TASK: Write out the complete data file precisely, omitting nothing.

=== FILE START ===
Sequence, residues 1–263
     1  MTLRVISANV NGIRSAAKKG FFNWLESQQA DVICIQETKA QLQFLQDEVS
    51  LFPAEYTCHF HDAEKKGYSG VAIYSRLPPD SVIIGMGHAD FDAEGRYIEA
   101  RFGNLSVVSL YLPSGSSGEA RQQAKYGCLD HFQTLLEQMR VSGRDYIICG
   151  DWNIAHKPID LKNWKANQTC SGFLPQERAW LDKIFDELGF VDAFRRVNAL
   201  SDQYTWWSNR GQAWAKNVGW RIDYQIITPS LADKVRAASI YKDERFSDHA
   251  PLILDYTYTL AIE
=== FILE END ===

Sequence, residues 1–263
     1  MTLRVISANV NGIRSAAKKG FFNWLESQQA DVICIQETKA QLQFLQDEVS
    51  LFPAEYTCHF HDAEKKGYSG VAIYSRLPPD SVIIGMGHAD FDAEGRYIEA
   101  RFGNLSVVSL YLPSGSSGEA RQQAKYGCLD HFQTLLEQMR VSGRDYIICG
   151  DWNIAHKPID LKNWKANQTC SGFLPQERAW LDKIFDELGF VDAFRRVNAL
   201  SDQYTWWSNR GQAWAKNVGW RIDYQIITPS LADKVRAASI YKDERFSDHA
   251  PLILDYTYTL AIE